July 2009 Archives

I don't usually just post videos without much to say about them, but CCP's put out a new trailer that really gets to the heart of why Eve is different from every other MMO out there at the moment.  This one highlights a player event, but the same could be said of the metaplot's potential:

The Butterfly Effect

"The body's in here, detective -- manager said another renter complained about the smell, so he opened it up and found the body.  Called us right away," explained the uniform, leading us towards the cluster of squad cars and the coroner's van.

The smell as we walked into the small self-storage facility nearly had me putting my lunch on the ground -- this guy had been dead a while, no doubt about it.  From the looks of things, he hadn't come to a very pleasant end, either.  His neck had been slashed from ear to ear, though there didn't seem to be nearly enough blood for him to have been completely exsanguinated.  Decomposition had been at work for a while and it looked like this place had a rat problem.

"Christ.  Fucking freaks," I heard Chance mutter.  Under the rotting corpse and the blood that was there, some sort of white chalk pentagram had been drawn, ringed with the "mystic" symbols that we'd started to see more and more the last couple years.  Used to be you could count on it all being a bunch of wannabes or deranged cultists, but these days, you never knew.

"You think that's bad, look up," said Paulsen, the forensics geek.  He pointed up towards the ceiling, where someone had painted another strange symbol, nearly two meters across, in red paint.  Except it wasn't paint.

"Jesus.  The Feds are going to be all over this one.  You got an ID on this guy?"  I didn't expect that anyone had found his wallet, but if we got lucky and he'd been fingerprinted at some point.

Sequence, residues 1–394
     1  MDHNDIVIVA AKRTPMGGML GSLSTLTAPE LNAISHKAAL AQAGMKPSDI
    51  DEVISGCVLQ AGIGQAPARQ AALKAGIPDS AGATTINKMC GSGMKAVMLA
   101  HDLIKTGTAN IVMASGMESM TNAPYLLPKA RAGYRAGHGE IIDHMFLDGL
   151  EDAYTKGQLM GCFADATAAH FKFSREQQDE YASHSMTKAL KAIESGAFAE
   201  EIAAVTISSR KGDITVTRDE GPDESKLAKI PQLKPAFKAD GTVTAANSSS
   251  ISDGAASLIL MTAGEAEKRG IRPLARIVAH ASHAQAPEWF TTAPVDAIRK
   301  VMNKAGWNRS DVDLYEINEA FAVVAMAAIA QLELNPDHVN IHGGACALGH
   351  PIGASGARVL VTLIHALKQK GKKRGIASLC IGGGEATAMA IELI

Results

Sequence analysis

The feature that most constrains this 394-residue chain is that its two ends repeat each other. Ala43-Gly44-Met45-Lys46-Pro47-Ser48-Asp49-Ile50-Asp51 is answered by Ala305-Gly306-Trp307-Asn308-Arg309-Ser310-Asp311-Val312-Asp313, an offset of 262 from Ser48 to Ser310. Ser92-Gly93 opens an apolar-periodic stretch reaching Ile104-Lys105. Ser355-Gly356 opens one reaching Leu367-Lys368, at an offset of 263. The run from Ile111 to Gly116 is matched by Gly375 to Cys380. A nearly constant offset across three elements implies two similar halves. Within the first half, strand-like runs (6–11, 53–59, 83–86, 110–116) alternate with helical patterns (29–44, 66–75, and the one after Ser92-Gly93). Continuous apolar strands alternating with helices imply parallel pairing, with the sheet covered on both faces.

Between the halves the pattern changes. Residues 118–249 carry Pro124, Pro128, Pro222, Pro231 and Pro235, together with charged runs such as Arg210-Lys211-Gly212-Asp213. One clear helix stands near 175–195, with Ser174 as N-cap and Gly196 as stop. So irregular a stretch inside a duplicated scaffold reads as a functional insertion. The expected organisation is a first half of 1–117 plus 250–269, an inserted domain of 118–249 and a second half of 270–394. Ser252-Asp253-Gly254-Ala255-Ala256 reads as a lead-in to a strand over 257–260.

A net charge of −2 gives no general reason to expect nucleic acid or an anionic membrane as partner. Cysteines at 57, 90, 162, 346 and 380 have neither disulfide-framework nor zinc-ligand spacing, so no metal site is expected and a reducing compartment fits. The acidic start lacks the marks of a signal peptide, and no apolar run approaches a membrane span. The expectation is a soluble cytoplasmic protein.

"Working on a DNA match, but so far nothing.  I'd put time of death at at least three or four days ago, but I'll know more once I get him back to the lab."

Any reader of this blog has probably figured out that I'm a big fan of Shadowrun, which is celebrating its 20th anniversary this year (and I finally broke down and bought 4th Edition -- I'll be getting one of the numbered Limited Edition hardcovers when they are released (I assume around GenCon, though no actual street date has been announced).  I haven't played the game in a long time, and to be honest I'm not too fond of the direction the new edition took with the setting -- it's much more Ghost in the Shell these days than Neuromancer -- but I still have a lot of fondness for the game, and for the people who write it.  I would really like to get back to the game again.

My favorite period in the canon Shadowrun timeline is around 2055, the tail-end of the Dowd/Findley heyday that I've talked about before.  However, one period I've always thought I'd love to try running a game in is the period right as the world is still coming to grips with all the changes of the Awakening.  Magic is still relatively new and strange, the Matrix is just coming online, elves and dwarves are starting to come into adulthood and orks and trolls have been around for barely a decade.  The megacorporations are still solidifying their positions and the old order is making its last stand, as the Eurowars rage.

To steal a trick used by NSDM's Cold War scenarios, here's some comparisons between 2032 and today.  In 2032:

It might just be the fact that I'm rewatching the first couple seasons of Homicide: Life on the Street lately, but I think it'd be really cool to run a police procedural sort of campaign in this period, with the players playing homicide cops during a time of change.  I'm not sure I'll ever get to, but I think I might try playing with the idea some and writing some fiction set in that period, if nothing else.  I've been toying with the idea for quite a while, and this is sort of a way to keep me from letting myself forget about it too much.